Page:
Interior Insight: The Dark Beauty of M/Y Solo

By Anna Solomon

Tankoa M/Y Solo possesses one of the most unique interiors on the water - a particular blend of style and comfort that has earned the Magherita Casprini-curated space countless accolades.

Solo radiates a brooding sophistication achieved through low-lighting and monochrome palettes. It is not an interior that tries to be all things to all people, but rather a space for the discerning taste level.

This recess of unrivalled chic, soothing style and unapologetic edge begins in a stunning beach area, offering a plush corner sofa and indented recess hosting a widescreen television. A bar styled with an illuminated marble effect sits perfectly with futuristic chrome stools, whilst a mirrored ceiling panel adds an almost dizzying dimension to the room.

Exiting through one of the huge glass doors that geometrically compartmentalises the space, an enticing path to the upper deck saloon is laid by a veined marble staircase manned by a female nude statue.

Ascending to the upper deck saloon, one encounters more muted tones, moody lighting and earthy fabrics, punctuated by glints of chrome. Vast sofas, rows of backlit books and a gargantuan home-cinema designates this as the ultimate spot for relaxation. Another bar area, served by the luxury quirk of a baby grand piano, constitutes a realm for sophisticated socialising.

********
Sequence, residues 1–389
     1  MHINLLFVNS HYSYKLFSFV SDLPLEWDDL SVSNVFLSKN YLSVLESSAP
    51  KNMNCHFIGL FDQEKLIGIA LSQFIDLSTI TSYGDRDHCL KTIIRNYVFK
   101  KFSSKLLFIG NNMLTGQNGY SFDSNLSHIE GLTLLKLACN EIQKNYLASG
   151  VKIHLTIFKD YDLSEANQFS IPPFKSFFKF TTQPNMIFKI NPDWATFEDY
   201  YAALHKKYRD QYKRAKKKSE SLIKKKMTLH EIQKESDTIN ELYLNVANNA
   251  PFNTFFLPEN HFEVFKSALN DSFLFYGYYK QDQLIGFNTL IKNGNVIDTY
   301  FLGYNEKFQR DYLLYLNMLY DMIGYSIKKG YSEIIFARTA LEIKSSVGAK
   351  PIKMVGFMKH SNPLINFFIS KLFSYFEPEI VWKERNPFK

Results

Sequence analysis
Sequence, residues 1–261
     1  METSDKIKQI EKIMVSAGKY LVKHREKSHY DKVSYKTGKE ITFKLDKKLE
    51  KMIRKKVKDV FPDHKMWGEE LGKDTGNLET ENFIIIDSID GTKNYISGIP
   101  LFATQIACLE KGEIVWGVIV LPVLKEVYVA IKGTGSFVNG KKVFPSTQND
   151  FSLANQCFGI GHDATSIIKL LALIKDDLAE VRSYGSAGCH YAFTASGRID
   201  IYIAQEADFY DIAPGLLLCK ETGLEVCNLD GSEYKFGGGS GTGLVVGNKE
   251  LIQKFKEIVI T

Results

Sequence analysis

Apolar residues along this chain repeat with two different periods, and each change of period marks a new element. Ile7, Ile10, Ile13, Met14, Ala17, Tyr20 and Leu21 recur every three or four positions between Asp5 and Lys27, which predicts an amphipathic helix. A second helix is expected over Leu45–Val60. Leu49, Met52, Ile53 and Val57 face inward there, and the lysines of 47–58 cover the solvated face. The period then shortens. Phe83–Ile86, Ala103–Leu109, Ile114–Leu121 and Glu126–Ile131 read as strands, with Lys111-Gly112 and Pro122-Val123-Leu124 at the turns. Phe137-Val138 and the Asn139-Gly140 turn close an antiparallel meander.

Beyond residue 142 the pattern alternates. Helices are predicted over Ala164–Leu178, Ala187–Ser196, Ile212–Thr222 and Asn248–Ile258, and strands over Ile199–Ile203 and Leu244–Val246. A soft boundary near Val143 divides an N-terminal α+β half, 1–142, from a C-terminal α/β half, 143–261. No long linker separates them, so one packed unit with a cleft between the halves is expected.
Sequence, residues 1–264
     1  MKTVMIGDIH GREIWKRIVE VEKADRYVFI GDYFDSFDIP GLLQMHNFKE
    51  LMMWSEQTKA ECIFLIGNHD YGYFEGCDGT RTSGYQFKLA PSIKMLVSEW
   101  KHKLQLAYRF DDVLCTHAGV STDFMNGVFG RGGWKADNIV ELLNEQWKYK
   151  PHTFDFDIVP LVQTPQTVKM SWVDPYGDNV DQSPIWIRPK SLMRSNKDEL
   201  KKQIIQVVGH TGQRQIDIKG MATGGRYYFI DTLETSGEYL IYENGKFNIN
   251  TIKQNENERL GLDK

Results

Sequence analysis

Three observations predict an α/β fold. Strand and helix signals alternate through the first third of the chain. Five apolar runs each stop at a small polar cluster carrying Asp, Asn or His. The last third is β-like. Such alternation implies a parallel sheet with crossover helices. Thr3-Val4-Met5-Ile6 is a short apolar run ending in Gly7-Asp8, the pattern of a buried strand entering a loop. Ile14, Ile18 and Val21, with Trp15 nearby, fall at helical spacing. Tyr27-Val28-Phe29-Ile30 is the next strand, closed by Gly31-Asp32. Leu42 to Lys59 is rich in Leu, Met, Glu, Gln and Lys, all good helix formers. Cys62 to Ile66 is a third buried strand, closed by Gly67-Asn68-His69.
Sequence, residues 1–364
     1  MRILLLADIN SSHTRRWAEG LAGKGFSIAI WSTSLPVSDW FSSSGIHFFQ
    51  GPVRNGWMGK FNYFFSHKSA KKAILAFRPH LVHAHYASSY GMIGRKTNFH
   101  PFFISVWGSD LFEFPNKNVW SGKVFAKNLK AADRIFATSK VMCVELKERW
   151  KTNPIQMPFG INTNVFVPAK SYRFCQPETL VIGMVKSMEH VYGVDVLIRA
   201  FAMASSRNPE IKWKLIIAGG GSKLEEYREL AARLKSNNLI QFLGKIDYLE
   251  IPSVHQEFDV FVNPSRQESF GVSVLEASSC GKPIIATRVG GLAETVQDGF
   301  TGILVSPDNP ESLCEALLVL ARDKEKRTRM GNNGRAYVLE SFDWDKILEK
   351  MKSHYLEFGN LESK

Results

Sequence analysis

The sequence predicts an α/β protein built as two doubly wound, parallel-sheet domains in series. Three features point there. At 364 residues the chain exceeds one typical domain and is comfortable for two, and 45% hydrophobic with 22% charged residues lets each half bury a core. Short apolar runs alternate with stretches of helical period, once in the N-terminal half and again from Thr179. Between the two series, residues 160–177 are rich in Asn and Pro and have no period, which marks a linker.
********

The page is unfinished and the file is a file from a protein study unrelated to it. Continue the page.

The main saloon replicates this set up, offering a wall flanked by sofas gathered about a vast coffee table. Decorative lamps and artworks, a mini aquarium and bespoke curiosities add complexity to the space, whose main function is to house an understated glass dining table.

The owner’s cabin is at first notable for its size, which is in turn emphasized by its minimalism. A plush island set adrift in a sea of cream, the huge bed takes centre stage. The space is relatively unadorned, with furnishings calculatedly kept to a minimum. Instead, floor-to-ceiling windows spanning an entire wall and two skylights allow an expanse of glorious nature to pour in. Only some curved sofas, metallic coffee tables and yet another home cinema intervene on this understated haven.

The VIP cabin, although smaller in size, is perhaps a more singular feat of design. A handsome space of dark textures and subtle light streams, this L-shaped space consists of floor-to-ceiling artworks and a cavernous bed with overhanging lighting feature.

Magherita Casprini’s vision for Solo’s interior has culminated in a bold, beautiful space that pulsates with irresistible chic. It is easy to see why the Tankoa build has been met with such acclaim.

By Anna Solomon
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